By 6th January people are usually putting away their Christmas decorations, but here the season is slightly lengthened, as the Orthodox celebrate Christmas almost a fortnight later (and the Armenians later still!). I was privileged to attend the Christmas celebrations in Sakhnin this year, firstly at a choir concert, when Bishop Theophilus of Acre conducted the Sakhnin choir in what was very like a ‘9 Lessons and Carols’- but in Byzantine chant. It was wonderful, and even the children’s choir sang a few pieces. On the Saturday (7th January) I attended the Christmas Day service, which in many ways reminded me of services in Zambia, with people coming in and out and wandering up to the front in groups to have a blessing from the priest, who was enormously patient about it all. There must have been a good few hundred people there, of all ages and all dressed in their best. Usually the women in the Arab communities dress very conservatively, but the younger generation here is certainly moving away from that! I somehow get the impression of a well-educated and reasonably prosperous community. It was held in the new church, a massive structure, but which the families themselves are building – and it is heartening to see how well it is progressing.
After the service, families gather for their Christmas dinner, thus breaking their 40 day fast (no meat) with chicken. I was invited to one of the homes, where Abu Hanna, the patriarch, has 10 sons and 1 daughter, all of whom were there with their own families, so very busy, but extraordinarily welcoming.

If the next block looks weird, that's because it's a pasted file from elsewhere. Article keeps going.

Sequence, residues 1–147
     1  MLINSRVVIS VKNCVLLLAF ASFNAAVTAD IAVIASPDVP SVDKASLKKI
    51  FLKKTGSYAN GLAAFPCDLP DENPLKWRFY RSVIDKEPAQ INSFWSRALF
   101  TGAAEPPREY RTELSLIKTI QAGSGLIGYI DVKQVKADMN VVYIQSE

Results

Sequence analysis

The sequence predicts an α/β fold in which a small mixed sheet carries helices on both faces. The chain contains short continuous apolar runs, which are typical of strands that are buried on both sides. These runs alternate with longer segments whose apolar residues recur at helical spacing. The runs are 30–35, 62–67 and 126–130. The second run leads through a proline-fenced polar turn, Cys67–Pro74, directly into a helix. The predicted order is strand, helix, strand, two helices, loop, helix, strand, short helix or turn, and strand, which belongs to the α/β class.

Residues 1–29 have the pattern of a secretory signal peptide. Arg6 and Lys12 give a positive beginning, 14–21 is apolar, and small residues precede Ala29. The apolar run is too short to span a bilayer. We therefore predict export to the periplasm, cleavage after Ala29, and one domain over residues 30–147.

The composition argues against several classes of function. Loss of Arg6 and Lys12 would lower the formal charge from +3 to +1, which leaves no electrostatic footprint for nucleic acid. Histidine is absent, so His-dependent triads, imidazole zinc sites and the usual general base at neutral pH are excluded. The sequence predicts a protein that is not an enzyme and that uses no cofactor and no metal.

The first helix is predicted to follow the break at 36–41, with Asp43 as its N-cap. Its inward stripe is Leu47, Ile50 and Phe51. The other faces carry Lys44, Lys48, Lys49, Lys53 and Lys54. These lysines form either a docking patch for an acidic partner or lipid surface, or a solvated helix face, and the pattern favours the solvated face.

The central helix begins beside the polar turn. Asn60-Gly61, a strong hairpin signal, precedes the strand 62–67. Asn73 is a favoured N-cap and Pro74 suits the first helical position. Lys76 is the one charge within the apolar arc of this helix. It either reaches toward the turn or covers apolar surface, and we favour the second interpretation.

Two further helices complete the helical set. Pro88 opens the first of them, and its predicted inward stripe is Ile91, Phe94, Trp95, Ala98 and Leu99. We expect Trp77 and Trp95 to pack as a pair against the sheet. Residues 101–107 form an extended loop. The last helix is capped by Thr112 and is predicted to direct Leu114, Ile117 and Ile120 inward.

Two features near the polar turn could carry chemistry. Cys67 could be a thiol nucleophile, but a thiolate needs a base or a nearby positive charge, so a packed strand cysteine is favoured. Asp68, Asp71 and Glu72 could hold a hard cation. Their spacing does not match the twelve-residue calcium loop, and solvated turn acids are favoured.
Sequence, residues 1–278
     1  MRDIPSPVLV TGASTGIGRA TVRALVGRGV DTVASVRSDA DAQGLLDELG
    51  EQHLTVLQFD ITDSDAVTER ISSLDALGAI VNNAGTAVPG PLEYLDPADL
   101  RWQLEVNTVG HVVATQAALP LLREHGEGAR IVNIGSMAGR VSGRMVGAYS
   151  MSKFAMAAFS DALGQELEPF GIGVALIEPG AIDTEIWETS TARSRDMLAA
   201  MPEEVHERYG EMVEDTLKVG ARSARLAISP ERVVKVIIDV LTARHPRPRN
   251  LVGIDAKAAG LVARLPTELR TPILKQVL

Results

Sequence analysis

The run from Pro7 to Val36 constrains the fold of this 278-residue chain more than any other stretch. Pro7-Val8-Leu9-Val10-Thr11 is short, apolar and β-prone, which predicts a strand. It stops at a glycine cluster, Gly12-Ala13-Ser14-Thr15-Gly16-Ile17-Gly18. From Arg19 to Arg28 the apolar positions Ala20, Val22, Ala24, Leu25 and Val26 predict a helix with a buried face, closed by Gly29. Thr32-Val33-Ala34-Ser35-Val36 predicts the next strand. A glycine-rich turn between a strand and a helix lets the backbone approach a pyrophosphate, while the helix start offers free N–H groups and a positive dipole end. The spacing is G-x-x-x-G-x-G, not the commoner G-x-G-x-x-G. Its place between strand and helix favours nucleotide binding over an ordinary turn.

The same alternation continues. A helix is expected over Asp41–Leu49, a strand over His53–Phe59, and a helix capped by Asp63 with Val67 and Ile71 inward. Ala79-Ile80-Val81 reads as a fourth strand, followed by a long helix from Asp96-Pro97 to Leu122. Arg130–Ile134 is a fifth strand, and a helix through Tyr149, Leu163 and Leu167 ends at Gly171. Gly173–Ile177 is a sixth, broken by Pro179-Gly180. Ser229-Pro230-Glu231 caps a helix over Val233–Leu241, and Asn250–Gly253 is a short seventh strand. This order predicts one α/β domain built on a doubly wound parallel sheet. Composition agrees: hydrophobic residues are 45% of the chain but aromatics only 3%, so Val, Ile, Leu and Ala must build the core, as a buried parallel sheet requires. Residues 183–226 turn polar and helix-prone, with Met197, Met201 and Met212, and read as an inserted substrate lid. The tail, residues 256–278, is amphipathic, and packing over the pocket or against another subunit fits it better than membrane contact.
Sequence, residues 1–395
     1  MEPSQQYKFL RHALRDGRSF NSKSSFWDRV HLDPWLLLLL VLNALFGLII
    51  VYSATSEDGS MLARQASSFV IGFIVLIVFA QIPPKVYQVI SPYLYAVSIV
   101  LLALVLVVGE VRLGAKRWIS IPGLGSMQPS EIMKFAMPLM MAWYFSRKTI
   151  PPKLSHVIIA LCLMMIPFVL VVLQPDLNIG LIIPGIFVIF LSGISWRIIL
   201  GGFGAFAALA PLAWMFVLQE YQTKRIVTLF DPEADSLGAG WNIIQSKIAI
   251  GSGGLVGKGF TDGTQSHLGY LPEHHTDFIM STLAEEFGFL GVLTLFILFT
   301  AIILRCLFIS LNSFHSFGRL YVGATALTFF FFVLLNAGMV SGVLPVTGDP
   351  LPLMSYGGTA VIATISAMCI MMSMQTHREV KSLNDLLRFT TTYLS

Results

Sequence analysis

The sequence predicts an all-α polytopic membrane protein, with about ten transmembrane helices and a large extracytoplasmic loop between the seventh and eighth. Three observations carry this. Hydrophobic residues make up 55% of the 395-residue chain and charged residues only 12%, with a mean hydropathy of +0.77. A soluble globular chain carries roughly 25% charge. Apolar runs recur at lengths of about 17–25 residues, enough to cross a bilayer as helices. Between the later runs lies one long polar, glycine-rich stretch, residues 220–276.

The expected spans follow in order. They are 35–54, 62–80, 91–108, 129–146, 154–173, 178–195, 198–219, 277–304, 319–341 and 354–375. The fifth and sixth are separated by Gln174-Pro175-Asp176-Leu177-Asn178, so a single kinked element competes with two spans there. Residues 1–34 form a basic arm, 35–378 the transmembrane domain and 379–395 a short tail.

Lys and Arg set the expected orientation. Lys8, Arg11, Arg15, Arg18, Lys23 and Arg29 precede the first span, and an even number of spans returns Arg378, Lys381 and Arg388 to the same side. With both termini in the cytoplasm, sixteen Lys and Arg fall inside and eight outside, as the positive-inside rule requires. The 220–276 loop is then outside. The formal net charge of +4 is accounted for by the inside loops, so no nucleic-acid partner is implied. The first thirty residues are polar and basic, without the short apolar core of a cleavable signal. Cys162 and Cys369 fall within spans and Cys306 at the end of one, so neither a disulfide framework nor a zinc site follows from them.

In the Greek Orthodox church (and even at the concert), the men and women sit separately, though interestingly the choir itself is mixed. Interesting, especially since there has been a lot in the news just now about female soldiers singing at army functions and provoking a walk-out by the more religious male soldiers. Israel has tended to be a very secular state with women reaching the highest offices (indeed, the leaders of two of the main political parties are women). However, there have been a number of issues recently which seems to undermine this. In the more religious parts of Jerusalem, streets were segregated during religious holidays, shops vandalised for not having a separate entrance for women; while certain buses have also been segregated with women having to sit at the back. A female soldier who refused to do so was verbally abused and had to leave the bus. Even adverts on buses or shelters featuring women have apparently been removed, in case they are vandalised. This all came to a head recently in Beit Shemesh, a town in between Jerusalem and Tel Aviv, where a 9 year old girl had to run the gauntlet of ultra-orthodox Jews, who want schools there segregated and who regarded her clothing as provocative (ironically the girl is from a religious family, and her clothing would probably be regarded as acceptable by most!). This has led to rallies by both the more secular, who are afraid of freedoms being eroded, and by the ultra orthodox, who have grown in number and want their voice to be heard.